When scientists and practitioners try to explain matters about data, they very often refer to metaphors from the physical world. Most of the terms have been established long before the digital era, they come from commerce (“data storage”, “data retrieval”, “data mining” or “data harvesting”) and nature (“data explosion”, “data is the new oil”, “Datenberg” (in German)). Han-Teng likes to speak of “data massage”. He uses the term to describe the manual effort of getting raw data (!) into the right shape before it can be further processed.
The terminology of data is full of metaphors. And – as it lies in the nature of metaphors – they are never never precise, because the words are taken out of context, they stem from another sphere of meaning and should explain entities that are difficult to understand otherwise. For instance, the “new oil” comparison is inadequate because data is (usually) not a finite resource.
But explaining data without metaphors is also very hard. I usually speak about structured information or values in (MS Excel) tables. Video makers and news reporters also face that problem when they produce films on data issues. Usually they show the physical repositories of data: screens with visualizations, server farms and crowds on the streets. This rather new BBC documentary on big data is a perfect example for that. At the same time I find the animated data flows in the intro an appealing idea:
The human face of data
Very often, data metaphors are so common, we do not even realize they are metaphors. The trekkies here cerainly know an officer called Data. Until recently I did not associate Data with structured information. To me, Data was just a normal name. But Data is called Data because he is an android. As one of the leading officers on Picard’s Enterprise, he has impressive computational capabilities. He is also a know-it-all, more like an encyclopedia. But I guess that name would not have been so sexy. Take this example, where Data explains complex systems:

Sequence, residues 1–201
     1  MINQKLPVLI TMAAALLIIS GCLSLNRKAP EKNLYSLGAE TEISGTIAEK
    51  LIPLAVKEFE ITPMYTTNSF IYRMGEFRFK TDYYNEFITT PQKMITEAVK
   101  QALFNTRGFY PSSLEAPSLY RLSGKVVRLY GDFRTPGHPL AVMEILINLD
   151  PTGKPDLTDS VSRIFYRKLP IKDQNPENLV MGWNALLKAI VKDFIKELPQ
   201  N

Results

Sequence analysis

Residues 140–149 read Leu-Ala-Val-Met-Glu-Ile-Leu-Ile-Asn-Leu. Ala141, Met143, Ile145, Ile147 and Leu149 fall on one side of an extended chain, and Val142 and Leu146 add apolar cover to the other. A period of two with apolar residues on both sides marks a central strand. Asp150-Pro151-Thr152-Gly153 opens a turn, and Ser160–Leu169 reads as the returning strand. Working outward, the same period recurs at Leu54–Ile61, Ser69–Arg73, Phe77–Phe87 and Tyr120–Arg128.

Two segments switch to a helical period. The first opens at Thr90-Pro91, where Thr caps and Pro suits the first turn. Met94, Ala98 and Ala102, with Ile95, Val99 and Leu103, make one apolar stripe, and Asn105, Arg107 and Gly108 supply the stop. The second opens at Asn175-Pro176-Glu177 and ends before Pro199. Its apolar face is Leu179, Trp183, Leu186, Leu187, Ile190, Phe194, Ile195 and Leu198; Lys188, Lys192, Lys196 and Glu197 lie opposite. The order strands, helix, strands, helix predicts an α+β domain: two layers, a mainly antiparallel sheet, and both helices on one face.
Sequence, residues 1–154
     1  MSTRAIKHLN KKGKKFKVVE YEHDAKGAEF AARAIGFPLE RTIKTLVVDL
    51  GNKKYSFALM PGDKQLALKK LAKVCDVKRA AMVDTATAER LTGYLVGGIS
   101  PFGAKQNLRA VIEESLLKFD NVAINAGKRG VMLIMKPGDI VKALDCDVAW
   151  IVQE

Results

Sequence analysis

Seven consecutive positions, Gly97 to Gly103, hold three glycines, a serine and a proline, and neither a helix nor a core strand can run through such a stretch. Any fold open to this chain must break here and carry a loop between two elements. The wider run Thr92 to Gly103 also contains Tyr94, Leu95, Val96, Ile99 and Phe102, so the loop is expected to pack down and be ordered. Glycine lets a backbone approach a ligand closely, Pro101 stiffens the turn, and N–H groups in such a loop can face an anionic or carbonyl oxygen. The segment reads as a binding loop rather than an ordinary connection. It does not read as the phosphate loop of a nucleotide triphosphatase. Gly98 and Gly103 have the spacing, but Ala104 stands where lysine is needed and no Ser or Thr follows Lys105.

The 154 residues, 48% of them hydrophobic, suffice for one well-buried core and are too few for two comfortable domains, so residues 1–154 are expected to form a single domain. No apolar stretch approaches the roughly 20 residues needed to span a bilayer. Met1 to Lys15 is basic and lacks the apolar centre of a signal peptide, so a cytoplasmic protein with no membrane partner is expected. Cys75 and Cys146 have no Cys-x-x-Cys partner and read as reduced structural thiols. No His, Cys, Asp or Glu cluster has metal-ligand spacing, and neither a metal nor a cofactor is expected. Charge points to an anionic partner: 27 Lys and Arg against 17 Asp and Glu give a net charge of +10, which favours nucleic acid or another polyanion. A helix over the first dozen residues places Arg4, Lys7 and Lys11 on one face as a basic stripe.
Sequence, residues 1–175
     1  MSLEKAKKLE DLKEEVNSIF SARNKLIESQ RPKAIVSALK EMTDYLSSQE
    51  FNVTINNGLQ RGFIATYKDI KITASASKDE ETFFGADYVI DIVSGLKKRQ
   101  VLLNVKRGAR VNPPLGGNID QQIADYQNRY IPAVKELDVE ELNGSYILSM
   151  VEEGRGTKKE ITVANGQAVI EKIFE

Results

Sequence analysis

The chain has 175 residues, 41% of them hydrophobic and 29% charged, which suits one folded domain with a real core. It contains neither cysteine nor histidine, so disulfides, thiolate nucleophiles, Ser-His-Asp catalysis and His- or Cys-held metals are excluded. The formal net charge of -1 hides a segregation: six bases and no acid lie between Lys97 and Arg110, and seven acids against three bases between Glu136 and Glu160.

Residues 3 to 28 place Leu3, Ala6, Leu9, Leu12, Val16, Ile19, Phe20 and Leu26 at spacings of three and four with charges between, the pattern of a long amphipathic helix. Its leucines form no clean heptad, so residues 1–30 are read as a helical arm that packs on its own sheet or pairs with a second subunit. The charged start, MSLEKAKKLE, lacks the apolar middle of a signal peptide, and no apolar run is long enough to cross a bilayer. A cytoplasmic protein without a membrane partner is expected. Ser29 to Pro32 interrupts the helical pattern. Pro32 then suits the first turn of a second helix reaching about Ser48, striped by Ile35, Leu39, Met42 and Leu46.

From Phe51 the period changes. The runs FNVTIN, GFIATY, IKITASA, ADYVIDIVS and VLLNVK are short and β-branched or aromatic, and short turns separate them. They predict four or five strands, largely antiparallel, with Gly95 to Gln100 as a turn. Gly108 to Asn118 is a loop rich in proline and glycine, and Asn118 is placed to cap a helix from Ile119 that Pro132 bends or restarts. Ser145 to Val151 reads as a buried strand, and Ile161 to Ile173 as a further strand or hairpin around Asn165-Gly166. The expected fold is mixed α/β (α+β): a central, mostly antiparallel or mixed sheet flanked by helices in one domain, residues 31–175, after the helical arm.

Data saves the enterprise on numerous occasions. His biggest problem is that he does not understand human behavior. He is unable to feel emotions. One thread that continues through the whole TV show is that Data tries to find a chip that would bring him human feelings. Until that is the case, Data is very slow on the uptake of getting jokes and habits:
Although Star Trek plays in the 24th century, Data is not able to differentiate between an idiom and a factual expression – something computers are already very close to understanding today.
In the following clip I found another note-worthy anthropomorphism of data. The video is an episode of a mini web show by Oracle to advertise their data processing solutions.
The video reminded me of The Internet Party, another short film, where services become humans to better understand their nature. Although very old, I still find that representation of persons can explain abstract concepts very well, especially when it comes to data.
Do you know other metaphors or visual representations for data? Please post them in the comments.
I gave this talk in a “Big Data, Small Data” YouTube Cinema that I organized during my fellowship at the Humboldt Institute for Internet and Society. On 11 September 2013 the other fellows and I showed videos and talked how data, big and small, interfered with our lives and our research.